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AT&T’s Recipe for Success: Keeping U-verse Rollout Schedule Away from Predatory Competitors

Phillip Dampier January 3, 2013 AT&T, Cable One, Competition, Consumer News, Editorial & Site News, Rural Broadband 1 Comment

natchezCable subscribers in Natchez, Miss. are scratching their heads wondering why AT&T will neither confirm nor deny whether its fiber to the neighborhood U-verse service is coming to a neighborhood near them.

AT&T says if it told customers where the service was coming, it would give away vital information to its competition — the cable and satellite companies.

AT&T spokeswoman Sue Sperry says her competitors will stop at nothing to hang onto current customers, even if it means using predatory below-market-rate pricing.

“We’ve learned from experience that if they know what our footprint is, they go in and do retention offers and pretty much give their service away for next to nothing and then we can’t compete,” Sperry told the Natchez Democrat.

But considering its biggest competitor is locally-hated Cable One, a lot of customers would still be ready to switch even if AT&T sent the cable company its detailed business plans in advance.

“Unless you spend your weekends at the Bondage Bordello, there is nothing enjoyable about dealing with Cable One in Mississippi,” says Stop the Cap! reader DeWayne. “Last summer when their system went up and died on the folks over in Columbus, even the guy running it couldn’t tell when it was coming back.”

Top secret.

Top secret.

DeWayne started reading Stop the Cap! when we covered Cable One’s massive failure in August 2012 that brought all of its services in Columbus down while the company incredibly waited for express delivery of a replacement part. When customers could not get answers from Cable One over the phone, they lined up outside the local cable office only to learn from company general manager David Lusby he had no idea how many customers were affected by the outage or when the cable system would be back up and running.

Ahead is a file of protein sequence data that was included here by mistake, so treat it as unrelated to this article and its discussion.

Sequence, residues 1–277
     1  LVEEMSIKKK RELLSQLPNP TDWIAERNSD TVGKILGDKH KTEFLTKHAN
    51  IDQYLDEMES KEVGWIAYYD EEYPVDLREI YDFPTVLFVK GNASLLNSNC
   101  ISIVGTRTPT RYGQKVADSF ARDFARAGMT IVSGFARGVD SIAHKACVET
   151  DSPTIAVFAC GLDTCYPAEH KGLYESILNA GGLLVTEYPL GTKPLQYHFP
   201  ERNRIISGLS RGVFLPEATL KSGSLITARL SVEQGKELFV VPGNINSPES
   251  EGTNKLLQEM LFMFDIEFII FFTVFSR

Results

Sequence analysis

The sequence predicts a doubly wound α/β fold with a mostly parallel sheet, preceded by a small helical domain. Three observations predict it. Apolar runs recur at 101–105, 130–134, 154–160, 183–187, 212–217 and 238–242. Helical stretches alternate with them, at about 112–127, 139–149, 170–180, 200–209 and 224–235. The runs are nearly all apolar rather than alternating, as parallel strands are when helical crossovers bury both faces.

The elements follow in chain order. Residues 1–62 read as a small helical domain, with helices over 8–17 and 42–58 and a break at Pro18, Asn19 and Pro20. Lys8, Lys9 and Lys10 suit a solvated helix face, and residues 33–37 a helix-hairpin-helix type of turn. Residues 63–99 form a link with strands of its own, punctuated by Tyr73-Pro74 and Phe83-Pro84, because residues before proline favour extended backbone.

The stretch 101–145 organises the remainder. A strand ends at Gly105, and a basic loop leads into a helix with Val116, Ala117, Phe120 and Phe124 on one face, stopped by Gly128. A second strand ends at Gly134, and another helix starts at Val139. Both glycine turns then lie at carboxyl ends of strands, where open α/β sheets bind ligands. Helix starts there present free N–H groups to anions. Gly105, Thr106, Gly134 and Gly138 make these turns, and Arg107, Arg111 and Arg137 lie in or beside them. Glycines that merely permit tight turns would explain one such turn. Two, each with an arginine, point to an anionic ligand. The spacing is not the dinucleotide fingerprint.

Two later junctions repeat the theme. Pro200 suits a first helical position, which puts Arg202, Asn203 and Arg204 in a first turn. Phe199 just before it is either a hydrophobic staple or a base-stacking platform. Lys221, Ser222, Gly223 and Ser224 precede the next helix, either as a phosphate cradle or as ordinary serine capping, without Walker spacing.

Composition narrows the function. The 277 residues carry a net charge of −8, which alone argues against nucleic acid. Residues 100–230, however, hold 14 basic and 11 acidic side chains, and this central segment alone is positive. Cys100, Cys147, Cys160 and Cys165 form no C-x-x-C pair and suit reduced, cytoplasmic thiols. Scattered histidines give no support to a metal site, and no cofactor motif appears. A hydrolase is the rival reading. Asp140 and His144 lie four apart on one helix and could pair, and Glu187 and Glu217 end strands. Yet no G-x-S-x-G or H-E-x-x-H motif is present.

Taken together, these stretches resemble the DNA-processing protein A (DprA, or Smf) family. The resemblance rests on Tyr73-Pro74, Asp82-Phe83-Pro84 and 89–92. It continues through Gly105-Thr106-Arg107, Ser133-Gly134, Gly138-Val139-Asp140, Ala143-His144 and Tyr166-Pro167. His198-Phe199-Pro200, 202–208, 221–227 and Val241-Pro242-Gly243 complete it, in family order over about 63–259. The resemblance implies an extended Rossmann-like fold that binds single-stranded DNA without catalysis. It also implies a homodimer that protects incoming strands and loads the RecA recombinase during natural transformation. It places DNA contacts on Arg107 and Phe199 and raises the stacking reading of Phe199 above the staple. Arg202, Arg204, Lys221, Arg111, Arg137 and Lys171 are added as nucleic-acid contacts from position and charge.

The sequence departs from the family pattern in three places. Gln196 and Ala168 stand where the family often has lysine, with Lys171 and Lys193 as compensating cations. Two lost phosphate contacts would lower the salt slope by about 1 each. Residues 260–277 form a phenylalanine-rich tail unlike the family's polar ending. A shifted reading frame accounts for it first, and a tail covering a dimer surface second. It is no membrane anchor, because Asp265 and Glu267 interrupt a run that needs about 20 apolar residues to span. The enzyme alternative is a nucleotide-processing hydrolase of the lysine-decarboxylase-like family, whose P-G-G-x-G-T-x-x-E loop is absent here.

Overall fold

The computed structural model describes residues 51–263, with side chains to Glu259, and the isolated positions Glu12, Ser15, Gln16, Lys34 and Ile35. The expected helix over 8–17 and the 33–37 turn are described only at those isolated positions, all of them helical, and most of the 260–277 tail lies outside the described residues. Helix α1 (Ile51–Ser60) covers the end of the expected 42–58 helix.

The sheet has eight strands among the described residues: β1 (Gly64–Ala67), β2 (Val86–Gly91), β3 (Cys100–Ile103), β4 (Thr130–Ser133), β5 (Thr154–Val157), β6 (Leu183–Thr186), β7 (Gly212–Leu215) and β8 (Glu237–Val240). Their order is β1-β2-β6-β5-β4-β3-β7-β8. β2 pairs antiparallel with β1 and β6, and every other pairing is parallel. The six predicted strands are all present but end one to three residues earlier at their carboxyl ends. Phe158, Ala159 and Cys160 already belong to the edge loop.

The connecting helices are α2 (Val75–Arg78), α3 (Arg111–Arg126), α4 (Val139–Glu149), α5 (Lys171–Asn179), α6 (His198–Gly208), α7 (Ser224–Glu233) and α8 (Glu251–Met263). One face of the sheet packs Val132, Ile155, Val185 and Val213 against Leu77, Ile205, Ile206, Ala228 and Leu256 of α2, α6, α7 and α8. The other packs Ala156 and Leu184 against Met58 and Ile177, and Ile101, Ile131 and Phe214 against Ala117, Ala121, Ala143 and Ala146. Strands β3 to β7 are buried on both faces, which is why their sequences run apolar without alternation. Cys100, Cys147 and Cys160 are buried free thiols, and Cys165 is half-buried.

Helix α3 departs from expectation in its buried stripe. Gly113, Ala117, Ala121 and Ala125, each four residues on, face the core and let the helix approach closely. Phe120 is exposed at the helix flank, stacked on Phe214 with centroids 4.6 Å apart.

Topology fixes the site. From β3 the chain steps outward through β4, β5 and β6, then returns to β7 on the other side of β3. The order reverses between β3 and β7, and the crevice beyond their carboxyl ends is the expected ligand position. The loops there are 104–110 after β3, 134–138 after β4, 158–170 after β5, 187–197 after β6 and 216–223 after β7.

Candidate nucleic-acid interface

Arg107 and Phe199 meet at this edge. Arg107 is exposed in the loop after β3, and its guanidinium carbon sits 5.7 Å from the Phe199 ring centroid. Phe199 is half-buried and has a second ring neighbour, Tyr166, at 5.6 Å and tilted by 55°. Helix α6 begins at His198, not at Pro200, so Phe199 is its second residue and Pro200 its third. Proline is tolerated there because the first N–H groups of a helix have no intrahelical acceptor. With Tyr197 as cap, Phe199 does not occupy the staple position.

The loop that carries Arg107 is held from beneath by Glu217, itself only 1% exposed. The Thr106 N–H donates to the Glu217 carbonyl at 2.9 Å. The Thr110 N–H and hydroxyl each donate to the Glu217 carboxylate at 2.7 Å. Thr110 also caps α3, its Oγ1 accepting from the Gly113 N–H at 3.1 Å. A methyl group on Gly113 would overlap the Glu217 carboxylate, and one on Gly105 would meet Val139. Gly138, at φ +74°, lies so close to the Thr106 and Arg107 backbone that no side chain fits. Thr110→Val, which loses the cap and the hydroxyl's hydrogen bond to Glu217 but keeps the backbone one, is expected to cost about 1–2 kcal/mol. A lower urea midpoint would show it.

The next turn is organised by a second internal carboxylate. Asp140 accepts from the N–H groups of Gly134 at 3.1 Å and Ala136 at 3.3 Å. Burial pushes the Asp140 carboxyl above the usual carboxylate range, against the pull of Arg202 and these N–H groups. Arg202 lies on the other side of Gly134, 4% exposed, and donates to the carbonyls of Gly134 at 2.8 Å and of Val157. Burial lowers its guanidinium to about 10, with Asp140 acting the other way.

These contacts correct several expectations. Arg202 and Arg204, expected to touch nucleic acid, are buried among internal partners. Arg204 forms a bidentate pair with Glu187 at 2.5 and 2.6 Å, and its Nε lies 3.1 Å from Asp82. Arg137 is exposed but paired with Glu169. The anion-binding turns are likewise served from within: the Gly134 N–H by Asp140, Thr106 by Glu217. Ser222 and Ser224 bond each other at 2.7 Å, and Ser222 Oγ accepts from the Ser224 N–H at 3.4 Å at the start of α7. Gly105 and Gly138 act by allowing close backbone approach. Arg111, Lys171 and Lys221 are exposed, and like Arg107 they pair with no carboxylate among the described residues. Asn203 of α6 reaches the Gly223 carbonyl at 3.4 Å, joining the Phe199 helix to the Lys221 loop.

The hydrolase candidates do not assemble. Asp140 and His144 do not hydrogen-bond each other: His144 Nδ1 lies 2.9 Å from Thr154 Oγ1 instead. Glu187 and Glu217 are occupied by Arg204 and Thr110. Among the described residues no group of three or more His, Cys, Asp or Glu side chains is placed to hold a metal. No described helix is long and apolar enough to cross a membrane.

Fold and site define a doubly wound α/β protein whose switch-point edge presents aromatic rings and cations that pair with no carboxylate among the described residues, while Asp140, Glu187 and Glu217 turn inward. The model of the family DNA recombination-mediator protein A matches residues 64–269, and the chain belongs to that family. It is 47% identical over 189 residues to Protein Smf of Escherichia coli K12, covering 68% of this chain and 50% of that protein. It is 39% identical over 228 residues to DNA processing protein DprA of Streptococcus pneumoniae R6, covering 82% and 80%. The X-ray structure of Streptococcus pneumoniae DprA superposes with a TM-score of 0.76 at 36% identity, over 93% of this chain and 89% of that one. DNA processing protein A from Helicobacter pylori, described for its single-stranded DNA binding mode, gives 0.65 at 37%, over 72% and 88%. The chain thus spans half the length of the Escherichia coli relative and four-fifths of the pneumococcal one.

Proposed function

“I hate AT&T but I hate Cable One more,” DeWayne said. “It is annoying that they won’t tell us when U-verse is coming to our neighborhood.”

Sperry claims AT&T U-verse is more robust than cable or satellite because it is powered by phone lines.

“That was one of the things during the hurricane, U-verse didn’t go out,” she told the newspaper. “It’s delivered through a phone line, and the phones are the last to go out.”

But unfortunately for customers, AT&T says it only rolls out U-verse in “a measured and slow way,” forcing customers to continually visit att.com and manually check availability using their home address.

But Sperry told the newspaper once customers get the service, they remain loyal to it. That may be especially true in smaller communities in Mississippi that cope with second rate cable operators not known for offering robust or affordable service.

Currently there is 1 comment on this Article:

  1. Jake says:

    AT&T has been great about rolling out the service in new areas over the last several years. It is certainly a slow process, but they announced (I think sometime near the end of last year) that growth is expected in 2013, and I’m sure they meant it.

    All consumers can do is wait, but I’m sure the brand will make everyone aware of the growth once it becomes available. They’ve been known to occasionally do door-to-door campaigns in neighborhoods where service is recently available as well.

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